More than 850 Hawke's Bay residents were poisoned last year after ingesting everything from noxious plants to antidepressants and household rodenticide.
The New Zealand National Poisons Centre hotline - 0800 POISONS - received 978 calls from Hawke's Bay in 2012.
More than 850 were actual poisonings and 125 were "other calls". The most common query from Hawke's Bay related to poisonings from plant matter - 51.
Twenty-four locals called the line last year after ingesting household insecticides, 21 due to antidepressants and 11 for agricultural rodenticide.
Household cleaners accounted for 46 calls, cosmetics 35 and petrol 12. Air freshener, insect repellent and "therapeutic antiobesity" also made the list.
Victims' ages ranged from 1 month to 91 years - the most common were toddlers aged 24 months.
Poisons Centre operations manager Lucy Shieffelbien said "other calls" related to non-exposure scenarios, including drug information requests or queries about cleaning up chemical spills.
Nationally, the most common calls were broken down into three categories, therapeutics, plants and household substances.
The most common household substance calls included petrol, Palmolive dishwashing liquid, alcohol, Raid liquid ant killer, bubble blowing mixture, glowsticks, super glue and bleach.
Ms Shieffelbien said many misconceptions existed around poisonings.
"In the good old days it was 'make the child vomit, induce vomiting' - they used to give you all sorts of nasty things to drink.
"But we don't advocate that now, simply because, if it's something corrosive and it's burnt on the way down and you make a person vomit - it's likely to burn on the way back up again and cause more injury.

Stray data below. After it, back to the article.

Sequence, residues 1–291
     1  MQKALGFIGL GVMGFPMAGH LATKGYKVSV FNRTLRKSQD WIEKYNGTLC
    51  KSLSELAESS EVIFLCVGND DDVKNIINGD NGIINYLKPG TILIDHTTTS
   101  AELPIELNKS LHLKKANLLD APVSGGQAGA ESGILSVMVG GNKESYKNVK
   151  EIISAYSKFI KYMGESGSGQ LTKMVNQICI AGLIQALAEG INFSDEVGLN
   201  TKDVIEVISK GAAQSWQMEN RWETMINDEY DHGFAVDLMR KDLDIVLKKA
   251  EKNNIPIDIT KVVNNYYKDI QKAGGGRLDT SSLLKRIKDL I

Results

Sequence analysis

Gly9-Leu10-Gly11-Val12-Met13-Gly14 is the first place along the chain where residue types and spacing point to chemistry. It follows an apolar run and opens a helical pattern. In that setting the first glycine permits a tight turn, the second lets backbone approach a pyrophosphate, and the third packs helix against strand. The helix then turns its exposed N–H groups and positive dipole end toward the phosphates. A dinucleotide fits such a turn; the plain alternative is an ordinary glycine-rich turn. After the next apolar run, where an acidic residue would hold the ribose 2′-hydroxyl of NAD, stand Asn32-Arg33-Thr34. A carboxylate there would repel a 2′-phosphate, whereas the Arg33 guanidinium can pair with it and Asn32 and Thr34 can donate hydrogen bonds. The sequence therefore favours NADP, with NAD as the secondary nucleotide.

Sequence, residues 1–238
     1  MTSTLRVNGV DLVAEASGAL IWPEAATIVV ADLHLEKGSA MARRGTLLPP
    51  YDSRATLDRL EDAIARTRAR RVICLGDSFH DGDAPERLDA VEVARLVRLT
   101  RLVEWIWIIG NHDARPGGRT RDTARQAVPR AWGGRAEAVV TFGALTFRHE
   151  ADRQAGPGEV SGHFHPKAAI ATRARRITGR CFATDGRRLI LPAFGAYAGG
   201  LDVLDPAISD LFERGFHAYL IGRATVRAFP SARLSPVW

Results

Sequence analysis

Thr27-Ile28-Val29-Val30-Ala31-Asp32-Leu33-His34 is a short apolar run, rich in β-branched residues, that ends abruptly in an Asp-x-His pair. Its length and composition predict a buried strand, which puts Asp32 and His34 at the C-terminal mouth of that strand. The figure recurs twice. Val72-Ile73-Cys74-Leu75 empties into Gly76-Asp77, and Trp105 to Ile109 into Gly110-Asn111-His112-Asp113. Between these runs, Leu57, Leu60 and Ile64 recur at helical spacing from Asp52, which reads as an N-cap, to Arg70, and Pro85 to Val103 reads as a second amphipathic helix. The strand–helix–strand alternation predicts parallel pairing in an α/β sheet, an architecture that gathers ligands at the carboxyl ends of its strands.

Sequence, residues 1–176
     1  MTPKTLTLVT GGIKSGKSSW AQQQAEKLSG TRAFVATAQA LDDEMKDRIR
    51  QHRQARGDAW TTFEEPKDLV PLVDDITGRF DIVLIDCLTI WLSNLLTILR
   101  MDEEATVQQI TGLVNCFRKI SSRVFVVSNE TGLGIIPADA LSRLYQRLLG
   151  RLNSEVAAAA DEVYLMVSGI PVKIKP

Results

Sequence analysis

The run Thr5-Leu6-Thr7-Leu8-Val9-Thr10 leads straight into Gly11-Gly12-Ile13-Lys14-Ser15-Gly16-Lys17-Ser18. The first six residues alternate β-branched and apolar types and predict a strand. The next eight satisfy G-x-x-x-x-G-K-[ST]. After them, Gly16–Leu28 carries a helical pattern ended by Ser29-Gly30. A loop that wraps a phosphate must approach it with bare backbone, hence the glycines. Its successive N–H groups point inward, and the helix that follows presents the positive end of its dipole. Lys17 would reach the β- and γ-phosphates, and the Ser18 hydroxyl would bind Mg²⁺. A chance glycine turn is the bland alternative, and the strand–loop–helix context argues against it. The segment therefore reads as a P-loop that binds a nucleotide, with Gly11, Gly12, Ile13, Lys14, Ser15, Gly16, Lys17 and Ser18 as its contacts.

"The actual fact of making someone heave can actually make you absorb the poison faster."
Making a child throw up dishwashing liquid could cause it to foam up and get into the child's lungs, she said.
The most common therapeutic-related calls included paracetamol, ibuprofen, zopiclone, diclofenac, codeine, amoxycillin, tramadol, aspirin and diazepam.
The most common plant-related calls were due to unidentified plants.
Other plants included black nightshade, arum lily, taro, phoenix palm, daffodil, chillies, kowhai, karaka berries and hemlock - the plant used to kill Socrates in ancient Greece.
Ms Shieffelbien said the Centre received calls daily about plant-related poisonings. But as the plants couldn't be identified over the phone, callers were usually advised to visit their garden centre or nursery before calling back.
"The biggest advice that we can give over the phone is to know what's in your garden," she said.
Although the leaves of potato plants were poisonous, the Centre wouldn't tell parents to rip out their crop. It was about educating children and making the garden less accessible, she said.
"Things like swan plants are highly toxic but they have a huge educational value.
"We say grow them, teach the children, but put them in things like say a bird cage or put wire netting around it so little fingers can't get in there."
A team of eight staff with health science backgrounds work at the Poisons Centre on a 24-hour roster.
The Centre is jointly-funded by the Ministry of Health, ACC and the University of Otago.
By the numbers:
- 978 calls from Hawke's Bay in 2012 (853 actual poisonings, 125 other calls).
- 1021 calls in 2011 (892 actual poisonings, 129 other calls).